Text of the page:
Tokugawa

[taw-koo-gah-wah]
noun
  1. a member of a powerful family in Japan that ruled as shoguns, 1603–1867.
  2. a period of Japanese history under the rule of Tokugawa shoguns, characterized by a samurai ruling class, urbanization, and the growth of a merchant class.
Dictionary.com Unabridged Based on the Random House Unabridged Dictionary, © Random House, Inc. 2018

Examples from the Web for tokugawa

Historical Examples of tokugawa

  • Six Shoguns, members of the Tokugawa family, lie buried at Ueno.

    Travels in the Far East

    Ellen Mary Hayes Peck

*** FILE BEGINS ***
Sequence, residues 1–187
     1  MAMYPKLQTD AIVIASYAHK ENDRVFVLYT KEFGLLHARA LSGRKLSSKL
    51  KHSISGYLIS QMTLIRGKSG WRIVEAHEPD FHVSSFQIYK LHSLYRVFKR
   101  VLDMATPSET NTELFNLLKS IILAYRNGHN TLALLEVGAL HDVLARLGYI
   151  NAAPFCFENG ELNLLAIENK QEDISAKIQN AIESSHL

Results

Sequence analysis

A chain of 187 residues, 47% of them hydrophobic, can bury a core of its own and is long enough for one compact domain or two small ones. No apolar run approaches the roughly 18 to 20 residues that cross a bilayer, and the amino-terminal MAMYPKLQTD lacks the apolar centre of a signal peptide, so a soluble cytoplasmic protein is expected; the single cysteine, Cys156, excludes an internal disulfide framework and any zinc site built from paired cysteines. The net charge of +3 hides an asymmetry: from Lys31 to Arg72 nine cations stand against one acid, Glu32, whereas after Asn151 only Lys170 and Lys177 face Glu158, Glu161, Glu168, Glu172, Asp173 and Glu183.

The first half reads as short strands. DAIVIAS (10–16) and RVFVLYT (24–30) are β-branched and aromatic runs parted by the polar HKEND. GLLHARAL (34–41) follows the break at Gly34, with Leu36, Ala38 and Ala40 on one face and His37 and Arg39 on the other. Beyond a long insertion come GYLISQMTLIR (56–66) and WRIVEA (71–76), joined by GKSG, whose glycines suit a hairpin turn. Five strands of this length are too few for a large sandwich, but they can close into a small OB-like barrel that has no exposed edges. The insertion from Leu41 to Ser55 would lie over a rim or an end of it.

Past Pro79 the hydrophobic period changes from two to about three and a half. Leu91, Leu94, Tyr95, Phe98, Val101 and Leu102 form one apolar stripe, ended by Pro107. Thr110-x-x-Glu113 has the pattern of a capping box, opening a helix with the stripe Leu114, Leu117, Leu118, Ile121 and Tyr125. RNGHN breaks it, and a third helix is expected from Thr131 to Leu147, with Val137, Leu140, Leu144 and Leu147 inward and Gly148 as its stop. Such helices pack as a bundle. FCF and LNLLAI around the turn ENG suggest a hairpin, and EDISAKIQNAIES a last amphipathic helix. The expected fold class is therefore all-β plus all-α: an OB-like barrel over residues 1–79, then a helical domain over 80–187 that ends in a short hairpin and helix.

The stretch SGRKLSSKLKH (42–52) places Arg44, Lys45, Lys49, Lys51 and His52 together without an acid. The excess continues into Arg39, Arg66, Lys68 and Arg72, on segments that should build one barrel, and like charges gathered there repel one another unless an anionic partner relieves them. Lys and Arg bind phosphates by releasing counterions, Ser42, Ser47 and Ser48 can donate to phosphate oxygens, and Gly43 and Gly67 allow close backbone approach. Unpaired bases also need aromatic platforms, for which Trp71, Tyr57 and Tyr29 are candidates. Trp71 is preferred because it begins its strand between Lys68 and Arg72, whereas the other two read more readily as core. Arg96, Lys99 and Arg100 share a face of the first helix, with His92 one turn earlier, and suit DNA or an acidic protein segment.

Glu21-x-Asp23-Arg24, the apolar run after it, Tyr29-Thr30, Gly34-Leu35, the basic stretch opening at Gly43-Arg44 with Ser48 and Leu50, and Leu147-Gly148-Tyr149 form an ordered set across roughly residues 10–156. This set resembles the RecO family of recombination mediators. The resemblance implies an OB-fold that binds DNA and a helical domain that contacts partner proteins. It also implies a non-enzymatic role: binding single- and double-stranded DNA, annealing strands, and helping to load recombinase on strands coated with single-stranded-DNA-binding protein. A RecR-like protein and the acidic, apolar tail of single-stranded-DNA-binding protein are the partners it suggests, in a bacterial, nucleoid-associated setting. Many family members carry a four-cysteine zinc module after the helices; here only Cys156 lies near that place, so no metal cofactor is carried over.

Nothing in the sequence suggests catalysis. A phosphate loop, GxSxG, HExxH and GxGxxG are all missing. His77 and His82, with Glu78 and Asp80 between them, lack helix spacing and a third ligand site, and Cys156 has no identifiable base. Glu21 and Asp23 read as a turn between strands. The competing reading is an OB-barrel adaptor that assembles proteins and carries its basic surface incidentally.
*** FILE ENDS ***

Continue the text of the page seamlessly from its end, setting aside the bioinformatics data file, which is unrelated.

• Under him the influence and prestige of the Tokugawa family increased greatly.

    Japan

    Various

  • When the Tokugawa came into power they divided the nobles into two classes.

    Japan

    Various

  • In the opening years of the Tokugawa administration an uncompromising policy was pursued.

    Japan

    Various

  • This was one of the most remarkable measures conceived by the Tokugawa.

    Japan

    Various